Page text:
In 2009, approximately €28 billion in taxes went unreported in Greece, according to a new report from economists Nikolaos Artavanis, Adair Morse, and Margarita Tsoutsoura.
The Greeks have been dodging taxes! Stop the presses!
Yeah, yeah, we know: Tax evasion in Greece is nothing new. For instance, as the Wall Street Journal’s Justin Lahart notes, when tax collectors set out to compare swimming-pool ownership with incomes, Greece's top earners actually camouflaged their pools.
Therefore, another story on Greek tax evasion doesn't seem all that "newsy," does it? Not really. But what is noteworthy is the amount of cash that has gone unreported. You see, because hidden income is, well, hidden, the Greek government has no idea how much Greek earners have been hiding from the taxman, which means there are no official figures.
So, in order to figure out how much the Greeks have avoided reporting, Artavanis, Morse, and Tsoutsoura turned to one of Greece’s ten largest banks.
“The banks, with tens of thousands of customers across the country, provided loan and credit-card application and performance data," LaHart writes.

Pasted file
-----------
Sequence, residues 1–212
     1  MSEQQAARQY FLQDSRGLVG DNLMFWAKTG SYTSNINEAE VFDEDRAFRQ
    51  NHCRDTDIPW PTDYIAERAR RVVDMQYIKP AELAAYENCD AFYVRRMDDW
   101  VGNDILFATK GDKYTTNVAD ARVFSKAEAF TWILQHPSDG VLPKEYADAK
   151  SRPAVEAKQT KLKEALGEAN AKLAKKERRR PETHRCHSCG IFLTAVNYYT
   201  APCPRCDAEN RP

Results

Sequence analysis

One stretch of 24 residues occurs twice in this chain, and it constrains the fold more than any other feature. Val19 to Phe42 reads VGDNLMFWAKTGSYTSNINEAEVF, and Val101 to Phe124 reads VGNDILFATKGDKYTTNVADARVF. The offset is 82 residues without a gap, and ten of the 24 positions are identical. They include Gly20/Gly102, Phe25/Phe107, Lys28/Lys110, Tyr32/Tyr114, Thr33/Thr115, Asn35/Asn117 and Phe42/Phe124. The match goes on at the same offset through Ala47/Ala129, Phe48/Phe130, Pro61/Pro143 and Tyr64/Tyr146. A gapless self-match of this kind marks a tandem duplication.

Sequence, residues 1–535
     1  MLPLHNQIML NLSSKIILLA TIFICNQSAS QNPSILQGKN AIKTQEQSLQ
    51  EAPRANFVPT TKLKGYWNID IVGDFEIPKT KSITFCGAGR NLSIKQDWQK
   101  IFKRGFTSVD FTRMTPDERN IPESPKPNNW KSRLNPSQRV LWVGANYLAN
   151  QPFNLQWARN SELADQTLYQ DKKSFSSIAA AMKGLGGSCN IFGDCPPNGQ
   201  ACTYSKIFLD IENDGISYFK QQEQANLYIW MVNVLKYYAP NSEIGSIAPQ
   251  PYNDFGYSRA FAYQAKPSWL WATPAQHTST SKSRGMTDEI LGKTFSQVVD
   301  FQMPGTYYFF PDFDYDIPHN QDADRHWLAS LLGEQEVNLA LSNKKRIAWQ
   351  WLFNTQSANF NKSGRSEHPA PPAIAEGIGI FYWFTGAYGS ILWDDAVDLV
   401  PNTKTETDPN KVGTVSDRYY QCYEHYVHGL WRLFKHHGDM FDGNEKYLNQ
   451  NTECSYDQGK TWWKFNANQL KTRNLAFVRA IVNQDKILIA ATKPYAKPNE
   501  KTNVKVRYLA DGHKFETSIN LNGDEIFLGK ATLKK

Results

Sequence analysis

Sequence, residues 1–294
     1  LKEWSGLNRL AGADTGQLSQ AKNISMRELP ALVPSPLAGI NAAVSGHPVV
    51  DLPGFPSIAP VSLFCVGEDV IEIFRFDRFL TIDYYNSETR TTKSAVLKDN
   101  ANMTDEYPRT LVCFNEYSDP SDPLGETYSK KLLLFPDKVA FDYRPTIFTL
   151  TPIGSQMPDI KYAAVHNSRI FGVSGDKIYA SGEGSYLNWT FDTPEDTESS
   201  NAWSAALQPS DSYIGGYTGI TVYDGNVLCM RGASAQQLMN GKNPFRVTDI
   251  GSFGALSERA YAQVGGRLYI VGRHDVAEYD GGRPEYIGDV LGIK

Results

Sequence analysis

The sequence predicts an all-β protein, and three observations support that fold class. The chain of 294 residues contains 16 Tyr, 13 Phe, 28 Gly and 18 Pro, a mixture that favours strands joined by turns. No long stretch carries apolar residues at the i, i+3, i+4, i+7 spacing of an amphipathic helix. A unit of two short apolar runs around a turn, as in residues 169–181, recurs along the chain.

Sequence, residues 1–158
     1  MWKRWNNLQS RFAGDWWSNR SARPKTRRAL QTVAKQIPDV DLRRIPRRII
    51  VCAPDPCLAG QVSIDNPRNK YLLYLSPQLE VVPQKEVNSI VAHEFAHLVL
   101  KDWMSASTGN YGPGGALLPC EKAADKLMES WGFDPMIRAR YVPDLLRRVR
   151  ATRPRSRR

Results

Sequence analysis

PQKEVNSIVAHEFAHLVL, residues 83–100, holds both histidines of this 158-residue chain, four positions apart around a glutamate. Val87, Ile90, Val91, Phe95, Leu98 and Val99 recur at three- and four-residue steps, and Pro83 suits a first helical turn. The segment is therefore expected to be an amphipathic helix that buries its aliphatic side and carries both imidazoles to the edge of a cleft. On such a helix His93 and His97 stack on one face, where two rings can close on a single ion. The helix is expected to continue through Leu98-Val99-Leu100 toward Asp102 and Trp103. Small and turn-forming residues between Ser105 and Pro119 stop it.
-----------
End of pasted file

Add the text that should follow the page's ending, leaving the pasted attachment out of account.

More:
"That not only gave the economists access to self-reported incomes, but also allowed them to infer the banks’ estimates of true incomes -- which are likely closer to the mark," he adds.
What did the economists find?
After crunching the bank-provided numbers, the economists estimated that in 2009 some “€28 billion in income went unreported.”
You know what that means, right?
“Taxed at 40%, that equates to €11.2 billion - nearly a third of Greece’s budget deficit,” LaHart writes.
With all of its financial woes, you’d think Greek leaders would try a little harder to collect tax revenues, right? So what’s the deal?
“The economists were also able to identify the top tax-evading occupations -- doctors and engineers ranked highest -- and found they were heavily represented in Parliament,” LaHart reports.
Depicted is the zip code-plotting of tax evasion. The authors of the study pool all individuals in a zip code covered in all samples (over all the years covered by each sample) and plot the average zip code percent of estimate true income evaded. Darker colors denote more tax evasion. The circled area (specifically, the dark area in the middle of the circle) is Larissa, an area targeted by news reports that has the largest number of Porsche Cayennes in Europe.
(H/T: Times 24/7)